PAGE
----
Speaking up for men who have suffered domestic violence
Posted Friday 7 September 2012
“Blight” was quite the seductress, or so it seemed, although I was sensing that all was not quite right. I failed to see an unhealthy clinginess and by the time I got to find out that she was married with 3 kids, I was strangely hooked. I was hooked to the extent that I went to Glasgow for a newly acquired job but after a fortnight, gave it up to get back to her. The train couldn't get home quick enough. Unbeknown to me, it was a journey into the jaws of hell!
Blight and I had stayed at her sister's whilst she was in the process of getting her husband out of the house. The kids were introduced to a rather awkward me. I felt uneasy as the kids seemed to be wearing dirty clothes only fit for the bin. They were brown and dark blue, always. I mentioned this and Blight and she told me that is what her husband insists on. Even more bizarrely, I was to find out that every internal wall in her house was dark brown and dark blue too. However, I was going to change things for all of them - step in “Super Stu!” I ignored these early alarm bells, although they contradicted my sense of normality and hygiene, even at that early stage.
Less than a week had passed when Blight began to be really suspicious of me, even me walking to the paper shop was met with a thousand questions and an attack about whether I was having a relationship with the woman behind the counter. Furthermore, a job interview I went for suddenly became a “joint effort” as Blight insisted on providing "support" for me. I allowed this to happen! As part of the interview, we were meant to mix with other candidates. I felt uncomfortable talking to others because I had already experienced Blight in the supermarket throwing tins at me because she thought I was looking at another woman – it was a nightmare.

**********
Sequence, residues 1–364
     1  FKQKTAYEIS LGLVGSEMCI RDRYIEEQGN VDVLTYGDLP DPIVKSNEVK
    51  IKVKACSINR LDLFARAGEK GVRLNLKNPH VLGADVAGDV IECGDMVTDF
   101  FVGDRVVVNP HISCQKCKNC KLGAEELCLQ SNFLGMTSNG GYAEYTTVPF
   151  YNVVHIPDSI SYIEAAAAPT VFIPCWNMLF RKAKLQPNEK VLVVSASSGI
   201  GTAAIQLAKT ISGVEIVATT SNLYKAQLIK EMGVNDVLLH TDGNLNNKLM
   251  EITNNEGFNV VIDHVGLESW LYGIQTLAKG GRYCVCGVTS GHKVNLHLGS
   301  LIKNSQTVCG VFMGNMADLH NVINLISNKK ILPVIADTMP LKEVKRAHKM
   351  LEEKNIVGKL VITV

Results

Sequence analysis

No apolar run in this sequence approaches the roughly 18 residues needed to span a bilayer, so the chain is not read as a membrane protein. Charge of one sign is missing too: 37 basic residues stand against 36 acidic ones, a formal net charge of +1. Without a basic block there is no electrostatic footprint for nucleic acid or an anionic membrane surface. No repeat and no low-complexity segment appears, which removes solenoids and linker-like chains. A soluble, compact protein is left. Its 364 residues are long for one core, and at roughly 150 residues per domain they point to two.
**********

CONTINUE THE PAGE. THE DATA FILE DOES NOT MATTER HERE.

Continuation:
I was determined to put things right in spite of the fact that my past started to gradually be stripped away too. First my souvenir university mug was smashed on the floor and my graduation picture torn to shreds during one of Blight's rages. Blight also prohibited the use of the name "Carol" in any context whatsoever. “Carol” was my ex, you see. The kids had to say they were going "song singing" at Christmas or they would risk getting hit.
Nothing could ever be mine and mine alone ever again, it felt, not even my own memories. I started to show the signs of trauma. I was not going out and was reluctant to talk to family and even the old friends I was “permitted” to see. When a woman starts punching herself in the face saying "go on then hit me!" you are left helpless, especially when they parade the self-inflicted bruises alongside well placed hints that “you had caused it.” What on Earth can you do then? The Stu I had been was well and truly demolished to the extent that when I tried to leave, I felt incapable of coping in what was becoming an increasingly strange outside world.
So you can see, it happens to men too and I hope having read what happened to me, people will realise that domestic abuse isn’t always about men abusing women. Men need help too to come to terms with what’s happened and get the support they need. I had 7 years of this and I want my experience to get other men who are suffering from similar experiences to speak out, seek help and get out when they can.
Domestic abuse left me with PTSD and I felt like a stranger in a world I once knew. I went through general counselling but was awkward and embarrassed about declaring that me, a grown man, was the victim of domestic abuse. Now, to help others, I am now openly declaring it. So here it is!
Follow Stu on Facebook to find out more about his experiences.
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